Footnotes

1 Taleb introduces the concept of Wittgenstein’s Ruler with respect to book reviews: “A book review, good or bad, can be far more descriptive of the reviewer than informational about the book itself.”

2 I discovered this fact from Chris Wiggins’ & Matt Jones’ course data: past, present, and future at Columbia University.

3 Also see The Paradox of Choice⁠ — Why Less is More, by Barry Schwartz, the thesis of which is that “eliminating consumer choices can greatly reduce anxiety for shoppers.”

Many thanks to Allen Downey and Q McCallum for feedback on drafts of this essay and to Cassie Kozyrkov for ongoing, thoughtful, and heated conversations about the topics covered.

Categories: Technology

Four short links: 16 June 2020

O'Reilly Radar - Tue, 2020/06/16 - 04:51
  1. The Global Implications of “Re-education” Technologies in Northwest China — A great summary of the way that technology facilitates China’s Muslim “re-education” system in Northwest China. It feels like the 21C version of IBM helping the Nazis.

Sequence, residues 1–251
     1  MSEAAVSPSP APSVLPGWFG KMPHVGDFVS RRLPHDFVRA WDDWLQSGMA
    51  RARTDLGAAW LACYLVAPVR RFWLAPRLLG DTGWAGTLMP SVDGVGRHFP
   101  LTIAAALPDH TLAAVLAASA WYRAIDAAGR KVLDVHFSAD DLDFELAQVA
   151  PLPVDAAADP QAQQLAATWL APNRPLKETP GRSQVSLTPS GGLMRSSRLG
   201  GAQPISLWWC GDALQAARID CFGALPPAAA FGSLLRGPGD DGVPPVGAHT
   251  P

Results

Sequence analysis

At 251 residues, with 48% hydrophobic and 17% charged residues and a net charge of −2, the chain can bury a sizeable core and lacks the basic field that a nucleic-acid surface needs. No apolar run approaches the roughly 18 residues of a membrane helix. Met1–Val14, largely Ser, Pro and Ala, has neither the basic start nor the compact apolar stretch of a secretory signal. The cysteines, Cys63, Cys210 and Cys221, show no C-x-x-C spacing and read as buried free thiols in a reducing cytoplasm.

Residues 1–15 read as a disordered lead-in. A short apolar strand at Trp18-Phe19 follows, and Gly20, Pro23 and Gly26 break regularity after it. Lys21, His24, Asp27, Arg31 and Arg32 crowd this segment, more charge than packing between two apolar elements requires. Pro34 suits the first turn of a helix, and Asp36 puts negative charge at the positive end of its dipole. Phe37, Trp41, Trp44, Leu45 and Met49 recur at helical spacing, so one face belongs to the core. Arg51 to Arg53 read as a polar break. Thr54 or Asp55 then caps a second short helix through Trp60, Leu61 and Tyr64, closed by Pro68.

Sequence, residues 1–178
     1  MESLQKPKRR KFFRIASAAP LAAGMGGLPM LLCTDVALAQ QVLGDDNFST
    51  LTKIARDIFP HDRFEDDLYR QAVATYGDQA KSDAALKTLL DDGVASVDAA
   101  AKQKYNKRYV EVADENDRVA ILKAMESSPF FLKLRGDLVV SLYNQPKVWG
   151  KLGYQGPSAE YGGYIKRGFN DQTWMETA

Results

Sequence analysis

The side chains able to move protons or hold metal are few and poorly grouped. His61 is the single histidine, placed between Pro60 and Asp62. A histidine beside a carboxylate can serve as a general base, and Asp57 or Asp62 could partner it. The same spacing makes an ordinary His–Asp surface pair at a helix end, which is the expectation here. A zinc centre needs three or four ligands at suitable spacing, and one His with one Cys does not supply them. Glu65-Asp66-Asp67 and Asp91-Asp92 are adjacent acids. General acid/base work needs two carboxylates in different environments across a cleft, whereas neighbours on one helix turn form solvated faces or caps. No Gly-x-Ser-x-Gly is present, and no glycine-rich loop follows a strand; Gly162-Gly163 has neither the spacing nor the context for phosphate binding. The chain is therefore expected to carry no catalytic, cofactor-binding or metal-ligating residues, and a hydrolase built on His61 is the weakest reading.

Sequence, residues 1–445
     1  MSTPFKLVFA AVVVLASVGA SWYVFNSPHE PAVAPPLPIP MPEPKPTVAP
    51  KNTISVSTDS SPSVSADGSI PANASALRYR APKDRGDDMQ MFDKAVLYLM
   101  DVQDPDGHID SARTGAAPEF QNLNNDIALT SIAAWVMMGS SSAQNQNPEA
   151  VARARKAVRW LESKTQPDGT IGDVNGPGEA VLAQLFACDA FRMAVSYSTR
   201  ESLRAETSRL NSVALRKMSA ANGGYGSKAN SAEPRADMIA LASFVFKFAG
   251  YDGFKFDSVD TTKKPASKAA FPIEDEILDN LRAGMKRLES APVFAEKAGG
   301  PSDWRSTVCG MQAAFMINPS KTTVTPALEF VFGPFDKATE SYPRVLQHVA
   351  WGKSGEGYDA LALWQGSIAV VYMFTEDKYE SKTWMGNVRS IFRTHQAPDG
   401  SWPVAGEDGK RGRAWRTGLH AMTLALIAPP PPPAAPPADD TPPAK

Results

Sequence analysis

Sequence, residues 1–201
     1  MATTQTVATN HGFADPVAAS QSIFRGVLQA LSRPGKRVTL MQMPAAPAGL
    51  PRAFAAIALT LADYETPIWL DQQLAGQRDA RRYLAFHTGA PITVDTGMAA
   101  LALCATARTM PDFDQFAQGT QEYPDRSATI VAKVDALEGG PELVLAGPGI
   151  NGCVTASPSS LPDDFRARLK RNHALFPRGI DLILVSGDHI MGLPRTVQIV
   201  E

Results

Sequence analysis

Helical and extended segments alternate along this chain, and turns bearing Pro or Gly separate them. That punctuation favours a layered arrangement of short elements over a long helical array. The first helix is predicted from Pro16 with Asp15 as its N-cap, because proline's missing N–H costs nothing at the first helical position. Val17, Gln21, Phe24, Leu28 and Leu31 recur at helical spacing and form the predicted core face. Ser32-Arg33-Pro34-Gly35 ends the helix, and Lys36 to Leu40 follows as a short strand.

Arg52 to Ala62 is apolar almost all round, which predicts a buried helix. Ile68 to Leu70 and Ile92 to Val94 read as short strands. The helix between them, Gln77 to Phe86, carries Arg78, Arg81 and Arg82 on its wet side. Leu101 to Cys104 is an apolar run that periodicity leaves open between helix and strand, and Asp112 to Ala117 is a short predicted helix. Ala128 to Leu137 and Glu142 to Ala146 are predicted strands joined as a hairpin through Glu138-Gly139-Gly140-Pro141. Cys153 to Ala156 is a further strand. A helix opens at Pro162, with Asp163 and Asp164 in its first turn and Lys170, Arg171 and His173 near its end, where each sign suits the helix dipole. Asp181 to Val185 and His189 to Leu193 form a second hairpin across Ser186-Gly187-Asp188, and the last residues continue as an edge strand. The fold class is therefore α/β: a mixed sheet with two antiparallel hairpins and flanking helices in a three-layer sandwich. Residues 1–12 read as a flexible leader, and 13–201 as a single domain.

2. Buf — A project aiming to make protobuf easier to use than JSON, by adding linters, breaking change detector, editor integration, and ultimately a schema library.
  3. Silqa new high-level programming language for quantum computing with a strong static type system, developed at ETH Zürich. “High-level” is a relative term.
  4. Recent Database Tech — This is Part 1 or 2. It covers TileDB (multidimensional arrays); Materialize (SQL views on streaming data); and Prisma (a data layer that abstracts away the db layer, compatible with PostgreSQL, MySQL, and SQLite).
Categories: Technology

Four short links: 15 June 2020

O'Reilly Radar - Mon, 2020/06/15 - 04:40